What an exciting time we’re living in—when behavioral scientists are confirming that we are inherently imbued with Basic Human Goodness.
Hard-Wired for Giving
Elizabeth Svoboda, Science writer; author, Has contributed to Wall Street Journal, Discover, Popular Science,Psychology Today and the New York Times, and authored What Makes a Hero?: The Surprising Science of Selflessness – Contrary to conventional wisdom that humans are essentially selfish, scientists are finding that the brain is built for generosity.
The Altruistic Brain
Donald W Pfaff Ph.D Neuroscientist, Association of American Publishers, 2005, uses molecular, neuroanatomical, and neurophysiological methods to study the cellular mechanisms by which the brain controls behavior. Synthesizing the best research on empathy and altruism he makes the case that the birthplace of good human behavior is literally in our bodies—our brains, hormones, and genes. Human beings are wired to behave altruistically.
Nice Guys Finish First,– By David Brooks, Op-Ed columnist for The New York Times since 2003. Currently a commentator on “PBS NewsHour,” NPR’s “All Things Considered” and NBC’s “Meet the Press.” Emory University neuroscientists found that the act of helping another person triggers activity in the caudate nucleus- which is the same sort of pleasure as achieving a personal desire.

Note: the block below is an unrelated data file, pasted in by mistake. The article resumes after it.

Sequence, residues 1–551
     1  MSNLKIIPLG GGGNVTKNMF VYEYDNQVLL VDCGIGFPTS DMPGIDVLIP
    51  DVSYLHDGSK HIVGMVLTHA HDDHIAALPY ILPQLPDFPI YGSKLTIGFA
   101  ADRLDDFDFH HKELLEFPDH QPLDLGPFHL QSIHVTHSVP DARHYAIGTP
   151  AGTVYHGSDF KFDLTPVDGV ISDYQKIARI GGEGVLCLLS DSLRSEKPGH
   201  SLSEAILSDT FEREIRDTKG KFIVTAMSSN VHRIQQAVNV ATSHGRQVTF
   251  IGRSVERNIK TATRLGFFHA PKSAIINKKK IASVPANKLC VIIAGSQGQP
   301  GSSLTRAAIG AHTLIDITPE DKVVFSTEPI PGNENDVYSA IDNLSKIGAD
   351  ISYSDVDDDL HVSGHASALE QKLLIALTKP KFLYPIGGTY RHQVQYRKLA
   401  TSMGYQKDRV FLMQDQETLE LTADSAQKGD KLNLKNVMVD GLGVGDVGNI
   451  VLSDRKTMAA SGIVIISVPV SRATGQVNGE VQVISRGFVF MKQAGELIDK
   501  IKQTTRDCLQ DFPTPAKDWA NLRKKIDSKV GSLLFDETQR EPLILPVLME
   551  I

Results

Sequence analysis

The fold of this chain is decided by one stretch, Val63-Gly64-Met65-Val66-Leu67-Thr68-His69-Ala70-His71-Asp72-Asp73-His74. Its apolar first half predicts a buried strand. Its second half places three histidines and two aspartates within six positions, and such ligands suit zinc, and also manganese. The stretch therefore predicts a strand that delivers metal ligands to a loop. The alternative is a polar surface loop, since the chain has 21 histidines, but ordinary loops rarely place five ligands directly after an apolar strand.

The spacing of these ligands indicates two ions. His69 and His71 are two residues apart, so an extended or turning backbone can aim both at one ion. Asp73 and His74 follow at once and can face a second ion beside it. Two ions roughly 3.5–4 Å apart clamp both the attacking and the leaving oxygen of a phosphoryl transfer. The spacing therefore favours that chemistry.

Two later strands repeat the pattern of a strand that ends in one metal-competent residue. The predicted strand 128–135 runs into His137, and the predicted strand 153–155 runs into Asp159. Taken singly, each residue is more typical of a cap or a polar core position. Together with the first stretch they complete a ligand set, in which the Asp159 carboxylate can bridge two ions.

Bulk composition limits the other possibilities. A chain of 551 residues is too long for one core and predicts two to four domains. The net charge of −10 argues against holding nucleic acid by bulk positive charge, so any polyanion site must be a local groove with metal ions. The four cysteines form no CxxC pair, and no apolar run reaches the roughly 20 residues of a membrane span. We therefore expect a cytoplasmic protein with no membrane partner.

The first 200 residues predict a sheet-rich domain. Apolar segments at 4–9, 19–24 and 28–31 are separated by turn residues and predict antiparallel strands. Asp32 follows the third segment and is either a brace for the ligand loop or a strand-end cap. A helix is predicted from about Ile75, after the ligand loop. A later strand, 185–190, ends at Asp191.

The Science of Generosity: Grounded in the scientific research of scholars in various academic disciplines and employing various innovative research methods, the operation of generosity is studied, in order to understand better the causal social mechanisms that generate and obstruct generosity.
The Neuroscience of Self-Compassion
Kelly McGonigal PhD, an award-winning lecturer and health psychologist fuses findings in the fields of medicine, neuroscience, and psychology with compassion and mindfulness for making self-awareness and compassion the basis for meaningful change.
The Healing Power Of Doing Good
The Health & Spiritual Benefits Of Helping Others by Allan Luks and Peggy Payne, 1991 Allan Luks is considered among the top experts on volunteerism, and how helping others can benefit one’s emotions and physical health. Conventional wisdom has held that when we help others, some of the good we do flows back to us. That satisfaction, has always been thought to be largely emotional. Current research shows that helping others regularly produces significant health benefits, similar to benefits from exercising.
The Social Contagion of Generosity
Nicholas Christakis Sociology, Harvard University American sociologist and physician known for his research on social networks and on the socioeconomic and biosocial determinants of behavior, health, and longevity examines how Generosity is a key predicate for the formation and operation of social networks, a fact only recently beginning to attract attention from network scientists, social scientists and biologists.